Offert History, Family Crest & Coats of Arms
- Origins Available:
The ancestors of the name Offert date back to the days of the Anglo-Saxon tribes of Britain. The name is derived from their residence in either of the settlements called Ufford in the counties of Northamptonshire and Suffolk. The surname Offert belongs to the large category of Anglo-Saxon habitation names, which are derived from pre-existing names for towns, villages, parishes, or farmsteads.
Early Origins of the Offert family
The surname Offert was first found in Suffolk at Ufford, a parish, in the union of Woodbridge, hundred of Wilford.  Ufford is also a civil parish in the city of Peterborough, Cambridgeshire. Both parishes are ancient. The Cambridgeshire parish dates back to Saxon times when it was first listed as Uffawyrtha in 948. The Suffolk parish dates back to the Domesday Book of 1086 when it was listed as Uffeworda. 
Both essentially mean "enclosure of a man called Uffa," from the Old English personal name + "worth." 
"Of this family, which afterwards arrived to great honour, Robert, a younger son of John de Peyton, of Peyton in the county of Suffolk, assumed his surname from the lordship of Ufford, in that shire, became Robert de Ufford. His son was summoned to Parliament as a Baron in 1308, and his grandson, also a Robert de Ufford, was created Earl of Suffolk. " 
The Hundredorum Rolls of 1273 may confirm this claim as Robert de Ufford was listed in Suffolk at that time.  Later the Feet of Fines listed Thomas Ufford in Essex in 1391. 
One source has interesting note about the family: "Robert de Ufford (d. 1298), was the founder of the greatness of the family. A younger son of a Suffolk landowner, John de Peyton, Robert assumed his surname from his lordship of Ufford in Suffolk, and attended Edward I on his crusade. Between 1276 and 1281 he acted as Justice of Ireland. He was instructed by Edward I to introduce English laws into Ireland, and practised skilfully but unscrupulously the policy of sowing dissension among the different Irish septs. He also built the castle of Roscommon 'at countless cost.' " 
Robert de Ufford (1298-1369) the first Earl of Suffolk was Robert's grandson and the second but eldest surviving son and heir of Robert de Ufford (1279-1316.)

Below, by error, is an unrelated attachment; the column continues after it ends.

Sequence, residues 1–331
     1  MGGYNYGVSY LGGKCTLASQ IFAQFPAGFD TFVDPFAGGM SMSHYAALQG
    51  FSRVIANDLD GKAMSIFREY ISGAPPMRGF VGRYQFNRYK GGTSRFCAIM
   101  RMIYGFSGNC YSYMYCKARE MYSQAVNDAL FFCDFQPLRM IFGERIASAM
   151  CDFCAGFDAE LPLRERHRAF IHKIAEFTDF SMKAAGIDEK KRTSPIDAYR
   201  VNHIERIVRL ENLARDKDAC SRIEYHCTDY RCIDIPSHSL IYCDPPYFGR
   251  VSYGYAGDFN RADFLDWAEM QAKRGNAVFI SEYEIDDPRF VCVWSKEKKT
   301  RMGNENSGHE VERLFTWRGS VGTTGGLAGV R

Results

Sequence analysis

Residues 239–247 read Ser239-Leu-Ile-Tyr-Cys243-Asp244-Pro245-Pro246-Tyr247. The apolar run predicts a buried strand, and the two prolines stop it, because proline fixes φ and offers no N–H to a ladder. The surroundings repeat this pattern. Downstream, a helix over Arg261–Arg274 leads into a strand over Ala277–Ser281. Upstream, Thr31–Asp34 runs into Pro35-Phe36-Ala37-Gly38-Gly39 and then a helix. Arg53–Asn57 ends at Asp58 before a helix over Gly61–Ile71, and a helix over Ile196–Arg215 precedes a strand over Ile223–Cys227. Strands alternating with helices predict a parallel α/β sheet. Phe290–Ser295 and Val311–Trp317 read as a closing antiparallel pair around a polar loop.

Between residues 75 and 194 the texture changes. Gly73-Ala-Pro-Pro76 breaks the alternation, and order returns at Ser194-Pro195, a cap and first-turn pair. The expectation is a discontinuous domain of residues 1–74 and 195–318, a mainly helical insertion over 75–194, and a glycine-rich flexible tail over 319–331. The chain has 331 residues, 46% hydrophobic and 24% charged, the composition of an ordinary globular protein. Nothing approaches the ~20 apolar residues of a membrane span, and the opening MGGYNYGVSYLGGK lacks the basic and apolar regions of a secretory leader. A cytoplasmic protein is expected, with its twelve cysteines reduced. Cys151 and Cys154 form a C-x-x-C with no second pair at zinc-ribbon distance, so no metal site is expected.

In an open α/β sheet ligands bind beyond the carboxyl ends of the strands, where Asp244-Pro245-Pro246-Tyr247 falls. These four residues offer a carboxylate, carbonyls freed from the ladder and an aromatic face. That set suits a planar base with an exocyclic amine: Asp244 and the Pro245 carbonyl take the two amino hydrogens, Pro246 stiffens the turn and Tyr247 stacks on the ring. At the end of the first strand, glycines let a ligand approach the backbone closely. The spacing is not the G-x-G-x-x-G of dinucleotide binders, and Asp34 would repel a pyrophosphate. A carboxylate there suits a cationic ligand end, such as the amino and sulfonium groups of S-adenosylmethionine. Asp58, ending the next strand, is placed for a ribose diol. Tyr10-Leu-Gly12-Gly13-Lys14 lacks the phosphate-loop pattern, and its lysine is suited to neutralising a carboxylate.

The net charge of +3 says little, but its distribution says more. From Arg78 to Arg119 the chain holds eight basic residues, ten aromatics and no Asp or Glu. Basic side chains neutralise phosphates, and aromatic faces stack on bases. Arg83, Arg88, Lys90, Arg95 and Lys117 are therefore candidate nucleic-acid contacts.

William de Ufford (1339?-1382), second Earl of Suffolk was the second but eldest surviving son of Robert de Ufford, first Earl of Suffolk. 
Early History of the Offert family
This web page shows only a small excerpt of our Offert research. Another 73 words (5 lines of text) covering the years 1308, 1631, 1345, 1346, 1413, 1404, 1349 and 1582 are included under the topic Early Offert History in all our PDF Extended History products and printed products wherever possible.
Offert Spelling Variations
Offert has been spelled many different ways. Before English spelling became standardized over the last few hundred years, spelling variations in names were a common occurrence. As the English language changed in the Middle Ages, absorbing pieces of Latin and French, as well as other languages, the spelling of people's names also changed considerably, even over a single lifetime. Many variations of the name Offert have been found, including Ufford, Ufforde, Hawford, Hoffard and others.
Early Notables of the Offert family (pre 1700)
Notables of the family at this time include Maud de Ufford, Countess of Oxford (1345/1346-1413), a wealthy English noblewoman and the wife of Thomas de Vere, 8th Earl of Oxford, only child was Robert de Vere, 9th Earl of Oxford, the favourite of King Richard II of England, took part in a conspiracy against King Henry IV of England and was sent to the Tower of London...
Another 67 words (5 lines of text) are included under the topic Early Offert Notables in all our PDF Extended History products and printed products wherever possible.
Migration of the Offert family
In an attempt to escape the chaos experienced in England, many English families boarded overcrowded and diseased ships sailing for the shores of North America and other British colonies. Those families hardy enough, and lucky enough, to make the passage intact were rewarded with land and a social environment less prone to religious and political persecution. Many of these families became important contributors to the young colonies in which they settled. Early immigration and passenger lists have documented some of the first Offerts to arrive on North American shores: Isabel Ufford, who settled in Boston in 1632; along with John, Thomas; John Ufford settled in Barbados in 1680.
Related Stories +
- ^ Lewis, Samuel, A Topographical Dictionary of England. Institute of Historical Research, 1848, Print.
- ^ Williams, Dr Ann. And G.H. Martin, Eds., Domesday Book A Complete Translation. London: Penguin, 1992. Print. (ISBN 0-141-00523-8)
- ^ Mills, A.D., Dictionary of English Place-Names. Oxford: Oxford University Press, 1991. Print. (ISBN 0-19-869156-4)
- ^ Lowe, Mark Anthony, Patronymica Britannica, A Dictionary of Family Names of the United Kingdom. London: John Russel Smith, 1860. Print.
- ^ Bardsley, C.W, A Dictionary of English and Welsh Surnames: With Special American Instances. Wiltshire: Heraldry Today, 1901. Print. (ISBN 0-900455-44-6)
- ^ Reaney, P.H and R.M. Wilson, A Dictionary of English Surnames. London: Routledge, 1991. Print. (ISBN 0-415-05737-X)
- ^ Smith, George (ed), Dictionary of National Biography. London: Smith, Elder & Co., 1885-1900. Print